About Nina

Twenty something who cannot stop thinking about food and wine. Cannot wait for my next meal...

Hush Heath Estate

Hush Heath Estate is a wonderful, perfectly manicured vineyard in Staplehurst, Kent. I was lucky enough to win a VIP wine experience so my friends and I were treated to a private tour and wine tasting.

image The vineyard is absolutely beautiful, we got to walk around the many acres of land and look at the vines and orchards, it was  tour and work out in one. Hush Heath also boasts a beautiful woodland and they have worked hard to encourage wildlife including owls and deer.

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What I really liked about Hush Heath, was that you got a real sense of the pride and care that goes into each and every bottle of wine or cider that they produce. The owners, who live in a house overlooking the estate, are really involved in the wine making. They care about their produce and it shows. The vineyard is perfectly manicured, they have looked back through historical records to name the vineyards after the names they had on the farm maps in the 1820s. Our tour guide, Cheryl, was wonderful. She told us that the owners light candles underneath the vines when there is a frost or fog so that the grapes are not damaged…We all began to understand why the price of the bottles can seem expensive; it really does reflect the care that is put into them.

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We got to see the bottling and labelling process, the tour was really informative and our guide was able to answer all of the questions that we had.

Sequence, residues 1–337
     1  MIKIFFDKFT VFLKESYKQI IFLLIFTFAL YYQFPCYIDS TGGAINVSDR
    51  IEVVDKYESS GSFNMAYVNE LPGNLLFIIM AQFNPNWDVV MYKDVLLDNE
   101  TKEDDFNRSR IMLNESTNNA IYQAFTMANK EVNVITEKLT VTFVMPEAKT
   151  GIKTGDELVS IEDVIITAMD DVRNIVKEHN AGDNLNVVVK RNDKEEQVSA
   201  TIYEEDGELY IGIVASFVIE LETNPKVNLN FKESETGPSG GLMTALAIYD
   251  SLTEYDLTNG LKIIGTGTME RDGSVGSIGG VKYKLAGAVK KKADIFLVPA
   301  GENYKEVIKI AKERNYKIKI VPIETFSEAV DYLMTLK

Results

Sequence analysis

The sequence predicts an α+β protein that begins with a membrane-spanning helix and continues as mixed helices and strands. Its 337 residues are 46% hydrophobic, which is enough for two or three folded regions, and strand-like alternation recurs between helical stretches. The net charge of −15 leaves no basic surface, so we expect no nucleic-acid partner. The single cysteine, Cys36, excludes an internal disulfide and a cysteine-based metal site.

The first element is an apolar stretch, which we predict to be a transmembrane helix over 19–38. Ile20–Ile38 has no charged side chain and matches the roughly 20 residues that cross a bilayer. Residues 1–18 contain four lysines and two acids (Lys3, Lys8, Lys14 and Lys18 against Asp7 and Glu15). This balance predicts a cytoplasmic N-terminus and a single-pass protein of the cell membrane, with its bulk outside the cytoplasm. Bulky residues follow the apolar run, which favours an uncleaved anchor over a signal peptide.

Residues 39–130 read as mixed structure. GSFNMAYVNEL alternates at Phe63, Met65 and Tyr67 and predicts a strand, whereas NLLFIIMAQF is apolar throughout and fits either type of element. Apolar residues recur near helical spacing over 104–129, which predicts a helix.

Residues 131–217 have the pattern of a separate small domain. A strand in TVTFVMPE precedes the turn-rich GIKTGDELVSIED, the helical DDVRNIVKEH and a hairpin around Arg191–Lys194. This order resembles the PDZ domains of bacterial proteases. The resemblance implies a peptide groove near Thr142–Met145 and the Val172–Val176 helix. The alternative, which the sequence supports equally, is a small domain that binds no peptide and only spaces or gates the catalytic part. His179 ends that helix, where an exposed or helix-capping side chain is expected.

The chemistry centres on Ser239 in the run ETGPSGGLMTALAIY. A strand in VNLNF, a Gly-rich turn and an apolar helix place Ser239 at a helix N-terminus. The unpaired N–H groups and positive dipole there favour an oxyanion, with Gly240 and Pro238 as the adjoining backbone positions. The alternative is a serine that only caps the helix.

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The vineyard has a beautiful shop which sells their range of wine and ciders. The ‘flagship’ bottle is the Balfour Brut Rose, it’s a delicious sparkling wine and could definitely hold its own against many champagnes. The bottles of wine are named after the owner, Richard Balfour-Lynn and his family, a really cute idea. They work together to run the vineyard.

Our favourite wine was the Chardonnay. Perhaps tainted by experiences of Blossom Hill growing up, I’m not usually a Chardonnay fan. However, this Chardonnay was so light and delicious that we had to buy a case of it. At the moment if you buy a case of 6 then you get one bottle free – who can refuse an offer like that? The bottles range from around £14 for the wines to £35 for the sparkling wines. The ciders are also tasty and very reasonably priced, we really enjoyed the still cider too.

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The tour was really fun, the vineyards were just wonderful and the tasting was delicious and relaxed. Our tour guide, Cheryl, was fantastic and really took care of us. The pride that the staff take in what the vineyard do is very clear and if you’re lucky enough to taste the liquid gold then it is clear why.

Elvey Farm

Elvey Farm is a beautiful guesthouse and restaurant in Pluckley, Kent. They pride themselves in championing local produce. We decided to visit for Sunday lunch…

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To drink: We kept it local and had a bottle of Kentish wine from Biddenden vineyard. The Ortega is a delicious, it has won local awards.

To start: Toby had a tasty ham hock terrine and I had some smoked salmon and black pepper. Both were fantastic, I was a little disappointed with the small portion size for the salmon but I am a little greedy…